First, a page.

The Joseph Rowntree Foundation recently published a new report looking at how “decisions and behaviours play a vital role in helping avoid and escape poverty”. Their findings showed that poverty and low socio economic status does have an influence on the process underpinning decision making.
We define crisis as having no money and no food. We know crisis has a huge effect on someone’s ability to think clearly and rationally. When you are stressed and hungry, life becomes all about survival and making it through the day, so naturally decisions that will benefit in the short term are made. The findings in this report outline examples and reasons to why this might be the case. For us, the report reinforces how important our holistic approach is for people in poverty, to help them discover and resolve the root cause of the crisis through specialist welfare advice and relational support, as well as giving short term help in means of emergency food support.
There are three findings in the report that we could particularly relate to having come across situations in our work:
- “People living in poverty make decisions focused on coping with present stressful circumstances, often at the expense of future goals.”
We run our LOVE Summer holiday scheme for families who struggle when their children aren’t receiving free school meals because of the extra expense it causes. Our scheme is an opportunity for families to receive weekly support, a chance to build relationships and have fun together. Families also meet with our Project Worker for additional support and have access to a benefits health check in case they are not in receipt of all the financial support they are entitled to. These families are in survival mode; trying to make it to the end of each month without unexpected expenses or situations arising, for example replacing a child’s lost school blazer becomes a financial worry. Long term goals or dreams seem unreachable. However, we put more than food in bellies, we put hope in hearts. Anybody can achieve anything with the right opportunities and support.
- “For many individuals living in poverty, the choices made are not always bad ones, but are adapted to the constraints of life with very few resources”
Sometimes the options are very limited. For example, when a person fails the Work Capability Assessment (WCA) and they want to challenge the decision but in meantime they will receive no income; they apply for Job Seekers Allowance (JSA) not because they are fit for work but because they need money to pay living costs and bills. This is just one example of when choices have had to be made in order to adapt to a life with very few resources. This particular situation is recently highlighted in Ken Loach’s ‘I, Daniel Blake’ film. If you feel passionate about social justice and the welfare system, we would recommend that you watch this film. Here is a link to the trailer.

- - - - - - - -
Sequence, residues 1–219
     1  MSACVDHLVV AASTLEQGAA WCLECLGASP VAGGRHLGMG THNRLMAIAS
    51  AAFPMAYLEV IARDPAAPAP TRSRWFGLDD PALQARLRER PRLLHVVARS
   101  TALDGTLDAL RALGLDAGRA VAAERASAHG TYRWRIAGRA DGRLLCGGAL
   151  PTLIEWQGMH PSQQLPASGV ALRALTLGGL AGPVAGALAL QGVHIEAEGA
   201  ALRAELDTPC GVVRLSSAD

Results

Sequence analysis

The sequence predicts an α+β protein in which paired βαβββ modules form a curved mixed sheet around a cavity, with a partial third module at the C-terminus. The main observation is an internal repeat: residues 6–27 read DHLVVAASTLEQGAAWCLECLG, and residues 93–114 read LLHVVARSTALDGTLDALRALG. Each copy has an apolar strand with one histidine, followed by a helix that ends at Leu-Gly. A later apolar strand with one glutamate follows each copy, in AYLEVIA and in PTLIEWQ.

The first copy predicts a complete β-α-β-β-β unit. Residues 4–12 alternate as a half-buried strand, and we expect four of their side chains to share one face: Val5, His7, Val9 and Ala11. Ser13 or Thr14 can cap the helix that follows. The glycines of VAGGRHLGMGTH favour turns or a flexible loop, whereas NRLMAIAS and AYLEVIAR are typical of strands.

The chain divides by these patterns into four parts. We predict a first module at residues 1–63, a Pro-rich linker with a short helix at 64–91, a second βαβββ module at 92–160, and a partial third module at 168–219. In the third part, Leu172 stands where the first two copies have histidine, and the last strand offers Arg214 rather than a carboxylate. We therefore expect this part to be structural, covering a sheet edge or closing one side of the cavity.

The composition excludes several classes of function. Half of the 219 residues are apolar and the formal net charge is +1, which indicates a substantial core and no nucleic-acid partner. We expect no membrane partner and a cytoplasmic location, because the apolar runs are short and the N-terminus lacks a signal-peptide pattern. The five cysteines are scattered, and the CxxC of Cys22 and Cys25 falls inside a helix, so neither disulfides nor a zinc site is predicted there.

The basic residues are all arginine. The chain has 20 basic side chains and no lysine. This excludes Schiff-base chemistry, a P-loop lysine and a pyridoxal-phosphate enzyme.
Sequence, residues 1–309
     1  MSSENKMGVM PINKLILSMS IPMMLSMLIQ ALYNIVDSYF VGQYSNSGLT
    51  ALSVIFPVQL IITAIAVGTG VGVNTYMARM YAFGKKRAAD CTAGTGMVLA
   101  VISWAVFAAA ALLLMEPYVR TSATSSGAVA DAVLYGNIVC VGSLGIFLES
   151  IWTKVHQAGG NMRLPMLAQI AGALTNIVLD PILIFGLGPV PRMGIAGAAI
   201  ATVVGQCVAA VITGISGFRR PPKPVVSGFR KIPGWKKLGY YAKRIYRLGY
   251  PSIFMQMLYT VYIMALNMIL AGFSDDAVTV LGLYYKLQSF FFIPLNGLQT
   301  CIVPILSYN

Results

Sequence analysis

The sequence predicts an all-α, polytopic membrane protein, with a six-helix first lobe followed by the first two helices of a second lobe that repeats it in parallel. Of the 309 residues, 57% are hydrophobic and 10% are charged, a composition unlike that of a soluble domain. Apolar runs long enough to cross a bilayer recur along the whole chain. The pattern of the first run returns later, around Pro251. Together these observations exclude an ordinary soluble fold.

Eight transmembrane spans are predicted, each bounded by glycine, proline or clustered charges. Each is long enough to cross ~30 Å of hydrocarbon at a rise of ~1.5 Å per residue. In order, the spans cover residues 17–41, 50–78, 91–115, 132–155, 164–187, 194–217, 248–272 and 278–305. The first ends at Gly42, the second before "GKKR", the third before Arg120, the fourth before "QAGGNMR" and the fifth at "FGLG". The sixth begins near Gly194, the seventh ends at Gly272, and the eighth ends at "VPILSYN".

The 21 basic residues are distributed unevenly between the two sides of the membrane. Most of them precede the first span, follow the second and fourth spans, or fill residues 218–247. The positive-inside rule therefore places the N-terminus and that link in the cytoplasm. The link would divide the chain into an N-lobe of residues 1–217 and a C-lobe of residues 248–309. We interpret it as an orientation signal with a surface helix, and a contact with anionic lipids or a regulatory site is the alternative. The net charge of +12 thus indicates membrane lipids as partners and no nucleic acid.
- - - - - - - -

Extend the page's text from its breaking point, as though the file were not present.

- “People with lower socio-economic status have a significantly lower sense of self-worth, which can dampen their motivation to improve their condition.”
This finding was evident when our First Love Foundation hero, Alfred was referred to us. He was so stressed and low in spirits that he had to bring a friend with him to speak on his behalf. His income had been drastically reduced following the introduction of the bedroom tax. He was left with £43 a week to cover all bills and expenses. “I was eating a sandwich, maybe once a day. You’ve got to make £10 last a week before you get paid again.” Although looking for work, Alfred was struggling and losing hope. “It’s no joke. When you don’t eat properly you starve. You lose your self-esteem and everything. I was sending out my CV 15 times a day to companies. Sometimes you get replies back and sometimes you don’t.” Fortunately, we were able to help Alfred get back on track with the right advice and support, which resulted in him getting a job and having a sustainable life. Read his full story here.
The report concludes with, “people living in or near poverty experience a shift in psychological, social and cultural processes that may hinder their ability to make decisions that are beneficial in the long term”. People in poverty are forced to adapt to circumstances and do whatever is needed to survive, even if it could have potentially negative implications in the long term.
These decisions focus on four aspects:
- The present
- The actual
- Those socially close
- The ‘here’
The way we work, at First Love Foundation, is to tackle poverty and social justice in Tower Hamlets through a unique and holistic approach. We address the immediate need by providing emergency food support, but the heart of what we do is provide advice & support to tackle the root cause of their problems and underlying issues – to break the cycle of crisis. We guide and enable people to get themselves back on their feet so that they have a new hope and resilience for the future.
By donating today, you can support people referred to us to ensure the poverty cycle is broken and lives are transformed. Just £10 can start a journey out of crisis for someone.*
*£10 is the estimated cost of providing a one to one meeting with our Project Worker.